The appeal for a new £9m cafe at the top of Snowdon faces a serious shortfall, a leaked report claims.
The appeal deadline is to be put back for a second time
The Snowdonia Summit Appeal Campaign was supposed to close next Friday, but organisers look set to extend the deadline for a second time.
The closing date for the last £1.7m of the appeal was first set for June but was put back due to lack of support.
The report revealed to BBC Wales claims a bid for a £750,000 Heritage Lottery Fund grant has also failed.
About 350,000 people visit Snowdon each year, but its 70-year-old summit cafe is seen as outdated, and was once called "the highest slum in Wales" by Prince Charles.
The leaked report is to be discussed by park authority members on Wednesday.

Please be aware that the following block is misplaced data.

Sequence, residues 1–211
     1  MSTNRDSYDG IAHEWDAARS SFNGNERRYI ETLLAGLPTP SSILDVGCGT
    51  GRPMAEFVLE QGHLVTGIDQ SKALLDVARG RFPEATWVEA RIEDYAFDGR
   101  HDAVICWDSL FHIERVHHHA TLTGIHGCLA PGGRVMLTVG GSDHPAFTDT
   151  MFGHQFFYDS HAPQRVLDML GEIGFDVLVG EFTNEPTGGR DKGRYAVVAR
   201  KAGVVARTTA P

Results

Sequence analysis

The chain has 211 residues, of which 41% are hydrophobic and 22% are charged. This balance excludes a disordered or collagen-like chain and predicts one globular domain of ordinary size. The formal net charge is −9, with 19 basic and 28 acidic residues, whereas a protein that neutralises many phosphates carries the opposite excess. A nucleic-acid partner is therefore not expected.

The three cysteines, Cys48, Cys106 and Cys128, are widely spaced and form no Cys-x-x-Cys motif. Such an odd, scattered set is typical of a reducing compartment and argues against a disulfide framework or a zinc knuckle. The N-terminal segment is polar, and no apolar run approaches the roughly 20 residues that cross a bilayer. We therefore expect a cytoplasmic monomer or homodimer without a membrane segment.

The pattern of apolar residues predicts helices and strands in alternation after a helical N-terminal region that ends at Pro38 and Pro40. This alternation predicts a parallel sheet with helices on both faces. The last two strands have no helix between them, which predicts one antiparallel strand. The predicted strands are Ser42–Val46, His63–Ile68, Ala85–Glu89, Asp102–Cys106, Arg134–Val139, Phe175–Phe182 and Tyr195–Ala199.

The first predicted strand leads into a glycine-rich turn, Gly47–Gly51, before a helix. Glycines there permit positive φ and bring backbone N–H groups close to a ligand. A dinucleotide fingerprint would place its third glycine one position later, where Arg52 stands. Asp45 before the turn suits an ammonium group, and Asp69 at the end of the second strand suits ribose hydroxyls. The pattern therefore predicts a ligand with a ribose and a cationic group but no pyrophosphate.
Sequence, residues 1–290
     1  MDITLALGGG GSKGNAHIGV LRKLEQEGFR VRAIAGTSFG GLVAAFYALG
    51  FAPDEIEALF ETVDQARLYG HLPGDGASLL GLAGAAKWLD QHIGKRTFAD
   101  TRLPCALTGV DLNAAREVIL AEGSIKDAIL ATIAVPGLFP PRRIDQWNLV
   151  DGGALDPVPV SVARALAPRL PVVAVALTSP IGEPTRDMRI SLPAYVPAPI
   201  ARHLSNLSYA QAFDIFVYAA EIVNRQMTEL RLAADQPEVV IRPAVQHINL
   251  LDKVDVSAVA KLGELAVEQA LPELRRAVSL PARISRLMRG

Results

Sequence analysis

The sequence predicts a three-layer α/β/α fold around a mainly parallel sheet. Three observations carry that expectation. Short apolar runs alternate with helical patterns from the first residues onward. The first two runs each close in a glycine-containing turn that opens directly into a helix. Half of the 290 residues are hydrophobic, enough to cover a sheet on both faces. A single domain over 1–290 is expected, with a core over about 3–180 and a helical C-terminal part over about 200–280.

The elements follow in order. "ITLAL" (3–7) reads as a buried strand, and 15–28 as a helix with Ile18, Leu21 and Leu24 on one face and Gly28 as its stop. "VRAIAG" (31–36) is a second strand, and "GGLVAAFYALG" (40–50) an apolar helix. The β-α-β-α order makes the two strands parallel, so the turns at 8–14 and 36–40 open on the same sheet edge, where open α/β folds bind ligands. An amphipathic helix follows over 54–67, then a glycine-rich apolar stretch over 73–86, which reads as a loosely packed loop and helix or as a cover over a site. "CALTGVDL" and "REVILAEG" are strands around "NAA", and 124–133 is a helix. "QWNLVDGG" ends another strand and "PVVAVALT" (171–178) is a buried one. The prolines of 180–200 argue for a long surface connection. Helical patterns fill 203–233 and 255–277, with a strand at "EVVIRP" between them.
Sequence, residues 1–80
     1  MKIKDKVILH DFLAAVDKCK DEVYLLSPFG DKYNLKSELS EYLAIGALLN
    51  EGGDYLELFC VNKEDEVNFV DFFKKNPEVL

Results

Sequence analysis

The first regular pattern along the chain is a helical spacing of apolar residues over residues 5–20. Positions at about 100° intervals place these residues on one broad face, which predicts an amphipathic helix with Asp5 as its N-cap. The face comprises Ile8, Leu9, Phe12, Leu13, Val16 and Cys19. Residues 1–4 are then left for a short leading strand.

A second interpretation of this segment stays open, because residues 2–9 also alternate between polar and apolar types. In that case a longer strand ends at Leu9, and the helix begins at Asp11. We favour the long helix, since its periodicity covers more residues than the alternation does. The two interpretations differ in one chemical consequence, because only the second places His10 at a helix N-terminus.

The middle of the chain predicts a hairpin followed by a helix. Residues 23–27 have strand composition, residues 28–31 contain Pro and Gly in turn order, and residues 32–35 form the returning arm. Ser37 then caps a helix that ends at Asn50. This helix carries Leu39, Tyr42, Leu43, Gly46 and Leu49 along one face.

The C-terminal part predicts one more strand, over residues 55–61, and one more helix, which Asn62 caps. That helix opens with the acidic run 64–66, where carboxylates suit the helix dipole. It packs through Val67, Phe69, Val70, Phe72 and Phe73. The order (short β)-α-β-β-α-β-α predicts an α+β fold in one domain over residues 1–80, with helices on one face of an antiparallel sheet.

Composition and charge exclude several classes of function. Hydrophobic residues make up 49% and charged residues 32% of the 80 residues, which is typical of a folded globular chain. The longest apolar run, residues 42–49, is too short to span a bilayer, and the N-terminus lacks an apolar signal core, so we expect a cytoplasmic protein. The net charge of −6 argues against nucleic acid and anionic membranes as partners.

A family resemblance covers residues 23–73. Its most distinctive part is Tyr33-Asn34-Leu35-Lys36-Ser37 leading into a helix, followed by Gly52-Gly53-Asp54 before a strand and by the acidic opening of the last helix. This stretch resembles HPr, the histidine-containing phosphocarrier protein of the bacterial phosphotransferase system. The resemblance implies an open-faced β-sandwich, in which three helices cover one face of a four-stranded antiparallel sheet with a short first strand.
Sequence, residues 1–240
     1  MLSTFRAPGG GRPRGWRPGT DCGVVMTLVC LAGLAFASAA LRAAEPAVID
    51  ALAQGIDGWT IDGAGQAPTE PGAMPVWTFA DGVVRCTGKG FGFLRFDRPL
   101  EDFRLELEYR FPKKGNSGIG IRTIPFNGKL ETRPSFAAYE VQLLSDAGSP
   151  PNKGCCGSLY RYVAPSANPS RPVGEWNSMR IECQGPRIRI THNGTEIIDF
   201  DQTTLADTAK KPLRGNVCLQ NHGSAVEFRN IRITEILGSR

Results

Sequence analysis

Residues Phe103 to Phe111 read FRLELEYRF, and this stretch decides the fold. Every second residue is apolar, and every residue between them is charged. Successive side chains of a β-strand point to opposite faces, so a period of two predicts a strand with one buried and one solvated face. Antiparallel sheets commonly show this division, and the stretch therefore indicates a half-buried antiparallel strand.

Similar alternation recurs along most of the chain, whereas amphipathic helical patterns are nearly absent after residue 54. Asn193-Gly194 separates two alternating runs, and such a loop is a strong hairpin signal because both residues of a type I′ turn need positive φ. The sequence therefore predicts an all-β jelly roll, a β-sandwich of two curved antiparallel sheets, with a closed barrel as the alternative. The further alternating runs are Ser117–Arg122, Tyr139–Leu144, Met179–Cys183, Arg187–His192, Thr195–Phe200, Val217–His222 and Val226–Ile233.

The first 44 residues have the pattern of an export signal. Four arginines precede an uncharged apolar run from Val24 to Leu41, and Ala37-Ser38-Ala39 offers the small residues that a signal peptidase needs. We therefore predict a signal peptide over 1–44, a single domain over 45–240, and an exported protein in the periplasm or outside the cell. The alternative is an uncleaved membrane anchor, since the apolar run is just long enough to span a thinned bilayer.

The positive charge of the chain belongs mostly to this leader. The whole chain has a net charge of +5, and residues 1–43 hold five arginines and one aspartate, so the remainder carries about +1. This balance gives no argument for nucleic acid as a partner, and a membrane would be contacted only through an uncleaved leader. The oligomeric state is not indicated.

The report claims that the appeal "continues to attract a trickle of funds but despite further direct approaches to potential funders, no new major sponsors have come forward".
The old concrete cafe was called a 'slum' by Prince Charles
The document shown to the BBC said the Heritage Lottery Fund support for the appeal was also likely to be limited to projects promoting access and learning rather than building the cafe.
Discussions between the authority and the Snowdon Mountain Railway have also been difficult, according to the report.
It said the company, while supporting the project, was worried about the impact the construction work could have on its business.
The replacement building for the current cafe would also include a visitor centre and new Snowdon Mountain Railway terminus.
Snowdonia Summit Appeal Campaign - a partnership between the Snowdonia National Park Authority and the Snowdonia Society - has collected £7.3m from the public and private sector but needs another £1.7m.